It’s clear that the methods of the past are no longer fit for purpose. New approaches are needed to mobilise political support for economic transformation among an increasingly diverse and splintered electorate. Glimmers of what this might look like came in the form of the ‘Big Organising’ model pioneered by the Bernie Sanders campaign in 2016, which was also used to great effect by Momentum to mobilise young voters in last year’s general election. But Labour’s defeat shows that more still needs to be done to convince voters that change is needed. 2018 provides an opportunity to build on these successes and broaden the base of support for transformative change.
5. Stepping up the fight against climate change
Given the scale of the above challenges, it’s easy to forget about the greatest challenge of all – the fight against climate change. Despite some positive developments in recent years, the hard truth is that we are still hurtling headfirst towards global climate catastrophe. As my colleague Adam Ramsay wrote for Civil Society Futures in June:
“Civil society organisations have mobilised across the country – and the planet – to demand ambitious action on climate change. And yet new fossil fuel projects continue to attract investment. Communities across the world face ever more extreme weather. The planet continues to warm. While there are many positive things to say, honesty requires acknowledging a simple truth: civil society, as it’s currently structured, has failed to stop climate change. And we’re still failing.”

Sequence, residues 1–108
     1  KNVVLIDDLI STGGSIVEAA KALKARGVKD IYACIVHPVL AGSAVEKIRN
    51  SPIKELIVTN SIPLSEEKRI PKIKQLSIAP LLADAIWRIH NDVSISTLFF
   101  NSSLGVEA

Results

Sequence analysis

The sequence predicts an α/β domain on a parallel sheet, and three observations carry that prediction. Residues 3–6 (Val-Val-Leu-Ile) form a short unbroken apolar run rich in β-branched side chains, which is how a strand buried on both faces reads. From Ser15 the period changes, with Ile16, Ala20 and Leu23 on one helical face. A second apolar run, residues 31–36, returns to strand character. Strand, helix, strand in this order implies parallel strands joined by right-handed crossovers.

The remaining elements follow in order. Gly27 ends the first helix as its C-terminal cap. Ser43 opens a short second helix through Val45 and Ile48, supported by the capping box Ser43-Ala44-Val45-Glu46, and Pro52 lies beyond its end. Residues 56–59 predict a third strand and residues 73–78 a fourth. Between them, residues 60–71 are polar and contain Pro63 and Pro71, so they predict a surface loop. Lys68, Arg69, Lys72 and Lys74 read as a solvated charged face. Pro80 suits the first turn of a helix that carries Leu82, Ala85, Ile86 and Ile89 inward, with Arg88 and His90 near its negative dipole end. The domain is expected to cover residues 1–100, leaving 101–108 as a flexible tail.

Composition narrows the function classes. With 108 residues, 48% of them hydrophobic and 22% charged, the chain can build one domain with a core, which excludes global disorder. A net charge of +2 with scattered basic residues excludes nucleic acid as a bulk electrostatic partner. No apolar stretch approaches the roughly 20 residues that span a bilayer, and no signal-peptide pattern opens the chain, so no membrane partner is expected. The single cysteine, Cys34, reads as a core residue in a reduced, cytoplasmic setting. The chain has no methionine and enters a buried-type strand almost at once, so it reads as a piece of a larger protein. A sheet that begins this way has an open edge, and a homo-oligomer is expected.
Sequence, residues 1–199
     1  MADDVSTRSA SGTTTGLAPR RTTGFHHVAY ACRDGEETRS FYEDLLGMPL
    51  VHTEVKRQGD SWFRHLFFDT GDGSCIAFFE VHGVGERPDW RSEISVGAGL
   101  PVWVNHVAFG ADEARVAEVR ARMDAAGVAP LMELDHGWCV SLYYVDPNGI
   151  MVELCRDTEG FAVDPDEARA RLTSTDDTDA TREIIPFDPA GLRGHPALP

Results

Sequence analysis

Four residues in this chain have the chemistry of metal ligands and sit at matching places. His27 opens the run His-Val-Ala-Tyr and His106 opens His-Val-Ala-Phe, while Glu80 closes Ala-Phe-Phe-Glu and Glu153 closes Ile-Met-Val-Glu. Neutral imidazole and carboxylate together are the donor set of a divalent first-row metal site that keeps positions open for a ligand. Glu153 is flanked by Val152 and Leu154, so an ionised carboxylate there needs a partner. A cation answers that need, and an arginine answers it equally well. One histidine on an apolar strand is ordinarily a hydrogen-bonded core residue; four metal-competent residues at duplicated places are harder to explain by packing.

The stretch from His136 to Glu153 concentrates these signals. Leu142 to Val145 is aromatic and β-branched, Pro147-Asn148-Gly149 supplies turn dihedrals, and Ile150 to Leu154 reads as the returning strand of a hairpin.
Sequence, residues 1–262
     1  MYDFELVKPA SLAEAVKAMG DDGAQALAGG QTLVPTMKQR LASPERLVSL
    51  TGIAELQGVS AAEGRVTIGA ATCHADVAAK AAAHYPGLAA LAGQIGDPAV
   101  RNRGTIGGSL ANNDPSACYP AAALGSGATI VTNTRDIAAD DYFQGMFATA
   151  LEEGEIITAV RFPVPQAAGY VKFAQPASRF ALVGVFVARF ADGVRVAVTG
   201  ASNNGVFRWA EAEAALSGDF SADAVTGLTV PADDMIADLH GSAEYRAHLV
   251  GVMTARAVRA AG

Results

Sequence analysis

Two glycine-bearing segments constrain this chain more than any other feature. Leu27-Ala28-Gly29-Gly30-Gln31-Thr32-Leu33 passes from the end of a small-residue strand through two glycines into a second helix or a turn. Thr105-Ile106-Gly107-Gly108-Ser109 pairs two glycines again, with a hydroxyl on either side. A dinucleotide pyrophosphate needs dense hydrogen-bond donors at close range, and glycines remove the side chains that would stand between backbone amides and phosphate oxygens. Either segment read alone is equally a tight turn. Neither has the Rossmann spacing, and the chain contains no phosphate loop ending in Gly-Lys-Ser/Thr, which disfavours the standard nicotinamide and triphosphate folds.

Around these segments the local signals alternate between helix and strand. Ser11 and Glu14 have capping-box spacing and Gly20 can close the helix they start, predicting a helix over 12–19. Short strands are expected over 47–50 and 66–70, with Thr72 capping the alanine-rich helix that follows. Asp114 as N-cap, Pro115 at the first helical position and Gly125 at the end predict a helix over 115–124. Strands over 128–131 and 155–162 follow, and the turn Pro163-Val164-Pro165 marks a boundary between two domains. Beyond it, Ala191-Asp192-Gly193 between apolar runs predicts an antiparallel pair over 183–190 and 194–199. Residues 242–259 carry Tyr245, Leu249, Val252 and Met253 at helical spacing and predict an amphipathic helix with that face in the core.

What to do about this? Jamie Clarke, Executive Director of Climate Outreach, says that the climate movement must learn lessons from past failures, and take a fundamentally new approach:
“We need a mass, society wide, long term, sustained effort to keep the fossil fuels in the ground… And we need to make sure in 10 years’ time the new government doesn’t decide to change the policy. We need to shift the way society thinks about fossil fuels that make them morally, socially, and economically unviable and that’s a balance that our society has very rarely managed to do. The only equivalent is something like banning the slave trade. It took a mass-mobilised group of people, direct action from slaves and those impacted, and a moral shift and understanding that this was abhorrent.”
This means ending the presentation of climate change as an environmental or lifestyle issue, and reinforcing its status as an economic, political and – most critically – a moral issue. On a practical level, it means moving away from campaigning on climate change as a standalone issue and instead assimilating it into all progressive struggles. Working with other stakeholders to place environmental concerns at the heart of the four issues mentioned in this article – trade policy, financial reform, housing policy and replacing neoliberalism – should be a priority for 2018.
With so much at stake over the next twelve months, informed public debate is more important than ever. But for the most part the media has failed to engage in these debates, or even acknowledge the scale of the challenges we face. That’s why at openDemocracy we are bringing people together to get to grips with the long-running economic crisis unfolding in Britain, and stimulating a debate about a sensible way forward in 2018. Join the conversation.